• Coronary Angioplasty in Australia 1998 provides details of percutaneous transluminal coronary angioplasty (PTCA) as performed in Australia in 1998. (aihw.gov.au)
  • Balloon angioplasty, also called percutaneous transluminal coronary angioplasty (or PTCA), was the original type of angioplasty. (yourmedicalsource.com)
  • percutaneous transluminal coronary angioplasty (PTCA) percutaneous transluminal angioplasty to enlarge the lumen of a sclerotic coronary artery (see accompanying illustration). (thefreedictionary.com)
  • It's sometimes called percutaneous transluminal coronary angioplasty (PTCA) or percutaneous coronary intervention (PCI). (canada.com)
  • Schillinger M, Sabeti S, Dick P, Amighi J, Mlekusch W, Schlager O, Loewe C, Cejna M, Lammer J and Minar E: Sustained benefit at 2 years of primary femoropopliteal stenting compared with balloon angioplasty with optional stenting. (spandidos-publications.com)
  • The National Institute for Health and Clinical Excellence (NICE) has issued full guidance to the NHS in England, Wales, Scotland and Northern Ireland on Percutaneous laser atherectomy as an adjunct to balloon angioplasty (with or without stenting) for peripheral arterial disease. (nice.org.uk)
  • The aim of the present retrospective study was to evaluate the feasibility, safety and the primary results following application of excimer laser atherectomy (ELA) combined with adjunctive drug‑coated balloon angioplasty (DCBA) as the first‑line endovascular treatment for patients with chronic obstructive femoropopliteal arterial disease. (spandidos-publications.com)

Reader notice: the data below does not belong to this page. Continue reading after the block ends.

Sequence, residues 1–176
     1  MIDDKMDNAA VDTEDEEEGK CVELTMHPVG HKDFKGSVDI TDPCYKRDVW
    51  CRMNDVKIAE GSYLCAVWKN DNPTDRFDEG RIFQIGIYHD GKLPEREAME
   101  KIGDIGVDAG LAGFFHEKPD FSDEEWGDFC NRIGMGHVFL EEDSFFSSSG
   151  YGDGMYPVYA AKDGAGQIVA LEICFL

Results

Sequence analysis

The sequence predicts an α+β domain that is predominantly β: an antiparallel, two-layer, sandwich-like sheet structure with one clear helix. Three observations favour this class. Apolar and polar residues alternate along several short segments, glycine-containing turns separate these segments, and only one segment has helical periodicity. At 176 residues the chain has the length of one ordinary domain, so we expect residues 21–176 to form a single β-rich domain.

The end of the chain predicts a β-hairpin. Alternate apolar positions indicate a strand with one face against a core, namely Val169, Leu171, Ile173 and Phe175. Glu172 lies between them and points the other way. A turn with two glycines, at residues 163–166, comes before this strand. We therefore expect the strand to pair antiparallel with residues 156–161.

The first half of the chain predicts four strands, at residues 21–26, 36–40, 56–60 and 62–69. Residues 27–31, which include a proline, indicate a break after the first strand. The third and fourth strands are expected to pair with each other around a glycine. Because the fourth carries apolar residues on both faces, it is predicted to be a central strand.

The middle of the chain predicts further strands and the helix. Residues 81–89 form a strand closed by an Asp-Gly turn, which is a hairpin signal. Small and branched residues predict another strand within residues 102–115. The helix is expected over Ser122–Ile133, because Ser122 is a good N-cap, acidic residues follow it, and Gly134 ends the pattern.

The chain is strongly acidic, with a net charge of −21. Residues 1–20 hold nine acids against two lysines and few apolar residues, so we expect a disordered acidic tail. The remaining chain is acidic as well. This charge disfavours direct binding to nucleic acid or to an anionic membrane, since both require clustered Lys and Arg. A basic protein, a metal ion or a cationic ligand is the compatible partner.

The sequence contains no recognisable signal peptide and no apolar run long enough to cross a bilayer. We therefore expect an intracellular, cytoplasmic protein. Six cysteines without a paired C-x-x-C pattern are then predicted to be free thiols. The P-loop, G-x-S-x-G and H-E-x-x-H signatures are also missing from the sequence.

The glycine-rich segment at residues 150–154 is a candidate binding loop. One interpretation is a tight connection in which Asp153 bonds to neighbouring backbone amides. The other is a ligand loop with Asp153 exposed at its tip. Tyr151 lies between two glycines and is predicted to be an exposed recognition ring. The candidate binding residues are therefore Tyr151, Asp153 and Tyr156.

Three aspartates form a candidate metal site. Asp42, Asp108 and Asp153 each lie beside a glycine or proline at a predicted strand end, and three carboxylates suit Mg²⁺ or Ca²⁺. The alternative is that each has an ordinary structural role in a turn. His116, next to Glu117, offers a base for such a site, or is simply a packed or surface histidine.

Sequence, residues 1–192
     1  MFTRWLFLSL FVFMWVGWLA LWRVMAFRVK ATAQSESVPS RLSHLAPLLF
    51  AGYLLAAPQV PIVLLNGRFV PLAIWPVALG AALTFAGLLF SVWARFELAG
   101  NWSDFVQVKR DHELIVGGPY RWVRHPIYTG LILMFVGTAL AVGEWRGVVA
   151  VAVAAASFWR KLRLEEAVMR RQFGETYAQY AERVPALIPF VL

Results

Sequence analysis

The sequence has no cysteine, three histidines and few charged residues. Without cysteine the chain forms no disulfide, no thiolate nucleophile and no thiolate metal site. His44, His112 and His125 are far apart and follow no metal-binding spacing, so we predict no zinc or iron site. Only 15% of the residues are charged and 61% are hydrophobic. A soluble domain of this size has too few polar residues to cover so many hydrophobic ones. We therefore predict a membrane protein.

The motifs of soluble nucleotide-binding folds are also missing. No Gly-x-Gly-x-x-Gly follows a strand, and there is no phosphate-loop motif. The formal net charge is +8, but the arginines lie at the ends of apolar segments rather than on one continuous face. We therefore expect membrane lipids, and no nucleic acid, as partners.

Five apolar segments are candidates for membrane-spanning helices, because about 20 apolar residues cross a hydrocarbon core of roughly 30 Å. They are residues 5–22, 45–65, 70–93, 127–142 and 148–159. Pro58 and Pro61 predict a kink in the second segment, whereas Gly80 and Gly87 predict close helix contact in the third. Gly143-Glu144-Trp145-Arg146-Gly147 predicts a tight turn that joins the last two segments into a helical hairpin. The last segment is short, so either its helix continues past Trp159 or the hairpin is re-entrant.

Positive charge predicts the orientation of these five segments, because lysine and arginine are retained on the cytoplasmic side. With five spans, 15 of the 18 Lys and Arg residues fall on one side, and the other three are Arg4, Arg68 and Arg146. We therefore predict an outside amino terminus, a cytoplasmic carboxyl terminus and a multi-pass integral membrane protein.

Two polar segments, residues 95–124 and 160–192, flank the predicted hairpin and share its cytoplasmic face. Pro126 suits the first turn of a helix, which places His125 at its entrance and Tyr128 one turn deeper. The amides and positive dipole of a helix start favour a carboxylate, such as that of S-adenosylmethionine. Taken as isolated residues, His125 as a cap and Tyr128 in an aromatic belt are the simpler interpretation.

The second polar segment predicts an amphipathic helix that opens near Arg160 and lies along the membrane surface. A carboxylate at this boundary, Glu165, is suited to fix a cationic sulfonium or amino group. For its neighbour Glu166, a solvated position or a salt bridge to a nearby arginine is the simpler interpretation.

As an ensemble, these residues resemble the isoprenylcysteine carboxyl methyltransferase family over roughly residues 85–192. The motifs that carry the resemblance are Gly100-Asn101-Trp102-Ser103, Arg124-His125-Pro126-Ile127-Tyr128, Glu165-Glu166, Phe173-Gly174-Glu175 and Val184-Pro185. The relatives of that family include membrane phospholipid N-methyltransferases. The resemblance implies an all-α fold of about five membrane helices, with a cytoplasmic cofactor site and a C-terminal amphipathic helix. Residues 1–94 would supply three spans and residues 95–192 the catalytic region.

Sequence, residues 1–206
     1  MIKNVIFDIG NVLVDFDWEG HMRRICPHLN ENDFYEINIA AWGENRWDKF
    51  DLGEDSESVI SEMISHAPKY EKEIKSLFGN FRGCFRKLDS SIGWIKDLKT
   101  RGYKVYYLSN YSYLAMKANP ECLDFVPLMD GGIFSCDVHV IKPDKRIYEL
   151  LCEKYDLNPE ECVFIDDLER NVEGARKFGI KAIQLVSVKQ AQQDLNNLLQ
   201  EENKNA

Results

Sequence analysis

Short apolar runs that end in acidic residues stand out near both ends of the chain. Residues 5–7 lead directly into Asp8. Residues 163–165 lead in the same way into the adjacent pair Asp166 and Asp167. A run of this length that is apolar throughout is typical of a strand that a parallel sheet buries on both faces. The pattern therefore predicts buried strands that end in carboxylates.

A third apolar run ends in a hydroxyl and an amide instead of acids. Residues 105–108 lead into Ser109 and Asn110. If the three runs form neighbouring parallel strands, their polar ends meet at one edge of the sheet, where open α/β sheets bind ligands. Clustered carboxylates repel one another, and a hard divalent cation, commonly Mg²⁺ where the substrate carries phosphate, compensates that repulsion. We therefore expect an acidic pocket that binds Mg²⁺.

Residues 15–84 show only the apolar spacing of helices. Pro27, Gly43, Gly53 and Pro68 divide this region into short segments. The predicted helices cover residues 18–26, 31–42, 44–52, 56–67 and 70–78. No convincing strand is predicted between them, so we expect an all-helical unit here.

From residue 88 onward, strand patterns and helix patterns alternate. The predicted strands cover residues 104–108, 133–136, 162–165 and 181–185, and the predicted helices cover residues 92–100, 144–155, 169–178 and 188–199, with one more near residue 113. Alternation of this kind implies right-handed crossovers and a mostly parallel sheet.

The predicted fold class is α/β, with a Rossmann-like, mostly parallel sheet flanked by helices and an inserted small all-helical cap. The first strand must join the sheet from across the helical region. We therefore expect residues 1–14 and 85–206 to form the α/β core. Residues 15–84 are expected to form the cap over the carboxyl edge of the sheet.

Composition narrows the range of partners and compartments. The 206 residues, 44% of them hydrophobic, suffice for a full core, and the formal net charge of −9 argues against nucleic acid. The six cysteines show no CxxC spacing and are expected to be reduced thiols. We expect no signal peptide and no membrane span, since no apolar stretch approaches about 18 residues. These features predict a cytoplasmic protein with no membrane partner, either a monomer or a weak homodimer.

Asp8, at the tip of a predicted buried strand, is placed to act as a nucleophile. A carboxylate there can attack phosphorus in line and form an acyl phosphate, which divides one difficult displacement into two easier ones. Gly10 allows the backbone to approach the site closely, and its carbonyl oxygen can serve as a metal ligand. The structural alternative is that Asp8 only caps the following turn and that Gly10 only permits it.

• 11. Laser-Induced Arterial Fluorescence Spectroscopy. (booktopia.com.au)
  • Background and Purpose To study the effects of in vivo transluminal balloon angioplasty (TBA) on the structure and function of the arterial wall, a canine model of hemorrhagic cerebral vasospasm of the high cervical internal carotid artery (ICA) was used. (ahajournals.org)
  • a pulsed XeCl Excimer laser having an output wavelength of about 308 nm, with each pulse having a duration between 100 nsec and 3000 nsec and being coupled into a proximal end of said fiber-optic waveguides at a density of at least 50 mJ/mm 2 to ablate atherosclerotic plaque in a blood vessel. (google.com)